When interpreted as mathematical markers and held in a data cage, for example, global data sets can diagnose disorders of the brain with a reliably of 100%.
A simple approach to biology looks for changes in data points, whereas a complex approach looks for changes in patterns.
When we look at the behavior of parts theoretically, we find evidence of their interdependence. This means that we can expect to get many different answers to the same question.
Research data offer confirmation in that we can find many examples where concentrations and absolute values fail to agree. Values highlighted in red signal an increase, whereas those highlighted in blue a decrease.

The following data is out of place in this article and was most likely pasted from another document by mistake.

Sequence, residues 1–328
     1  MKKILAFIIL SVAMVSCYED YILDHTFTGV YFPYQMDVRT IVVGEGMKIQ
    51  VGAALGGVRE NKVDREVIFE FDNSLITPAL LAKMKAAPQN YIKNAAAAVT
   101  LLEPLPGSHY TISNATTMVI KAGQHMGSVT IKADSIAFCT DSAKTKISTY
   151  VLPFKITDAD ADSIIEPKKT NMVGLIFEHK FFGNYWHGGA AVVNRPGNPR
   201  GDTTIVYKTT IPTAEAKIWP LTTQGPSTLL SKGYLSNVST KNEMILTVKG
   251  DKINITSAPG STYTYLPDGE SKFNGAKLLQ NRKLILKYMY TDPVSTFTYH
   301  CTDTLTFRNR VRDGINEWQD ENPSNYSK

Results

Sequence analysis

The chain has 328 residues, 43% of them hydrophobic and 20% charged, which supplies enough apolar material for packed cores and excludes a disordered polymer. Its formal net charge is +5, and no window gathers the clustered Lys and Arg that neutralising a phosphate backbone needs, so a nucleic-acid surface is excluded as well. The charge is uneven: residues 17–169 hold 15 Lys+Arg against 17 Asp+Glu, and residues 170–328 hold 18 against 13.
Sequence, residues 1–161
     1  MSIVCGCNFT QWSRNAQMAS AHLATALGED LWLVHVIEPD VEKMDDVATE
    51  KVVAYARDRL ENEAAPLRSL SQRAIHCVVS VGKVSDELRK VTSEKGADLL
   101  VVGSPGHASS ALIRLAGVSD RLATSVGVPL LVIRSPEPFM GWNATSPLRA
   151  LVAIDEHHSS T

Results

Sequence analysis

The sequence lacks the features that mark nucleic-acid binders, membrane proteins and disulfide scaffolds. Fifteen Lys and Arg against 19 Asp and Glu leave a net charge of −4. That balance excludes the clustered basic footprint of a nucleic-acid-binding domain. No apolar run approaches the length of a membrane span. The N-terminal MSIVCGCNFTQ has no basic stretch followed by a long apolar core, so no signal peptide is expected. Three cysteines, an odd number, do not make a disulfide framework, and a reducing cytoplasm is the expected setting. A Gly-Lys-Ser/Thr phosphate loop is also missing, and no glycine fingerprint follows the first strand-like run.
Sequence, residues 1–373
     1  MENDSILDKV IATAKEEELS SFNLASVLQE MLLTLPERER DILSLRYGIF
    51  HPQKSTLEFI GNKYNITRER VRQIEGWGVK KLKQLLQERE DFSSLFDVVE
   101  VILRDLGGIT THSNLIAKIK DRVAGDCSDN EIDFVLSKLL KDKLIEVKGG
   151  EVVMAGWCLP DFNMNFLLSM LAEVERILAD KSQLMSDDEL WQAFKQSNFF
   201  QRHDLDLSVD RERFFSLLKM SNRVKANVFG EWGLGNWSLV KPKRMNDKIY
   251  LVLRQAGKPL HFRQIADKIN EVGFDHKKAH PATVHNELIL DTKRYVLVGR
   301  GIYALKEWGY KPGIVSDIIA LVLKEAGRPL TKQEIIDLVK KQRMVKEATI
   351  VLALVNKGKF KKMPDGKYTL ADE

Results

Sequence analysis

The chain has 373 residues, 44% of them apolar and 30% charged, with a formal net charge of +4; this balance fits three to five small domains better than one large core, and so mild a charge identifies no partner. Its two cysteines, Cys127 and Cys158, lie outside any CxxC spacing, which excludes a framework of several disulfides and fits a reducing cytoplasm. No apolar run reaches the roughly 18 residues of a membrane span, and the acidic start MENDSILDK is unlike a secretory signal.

PATTERNS - BEFORE
In a complexity, such as the human brain, a normal phenotype displays a pattern with one set of connections, but…
PATTERNS - AFTER
…quite a different pattern with different connections when a disorder exists.
PATTERNS - IN N-DIMENSIONAL SPACE
The same data can be viewed and rotated in three dimensions, or …
PATTERNS - AS EQUATIONS
…expressed as equations to quantify the differences that exist between normal (blue) and schizophrenic (red) brains.
The touchstone of a quantitative science is an ability to reproduce results.
Biology – operating as a 50% science – struggles with the reproducible problem .
REPRODUCIBILITY - LOCAL - POSTMORTEM
Stereological data – collected postmortem – display such a capability locally (within a given paper), but…
REPRODUCIBILITY - GLOBAL - POSTMORTEM
…not often globally (between papers) for the same species.
REPRODUCIBILITY - GLOBAL - LIVING
A very different outcome exists for data collected from living subjects under the auspices of complexity theory. Now reproducibility becomes commonplace – both locally and globally in the same species.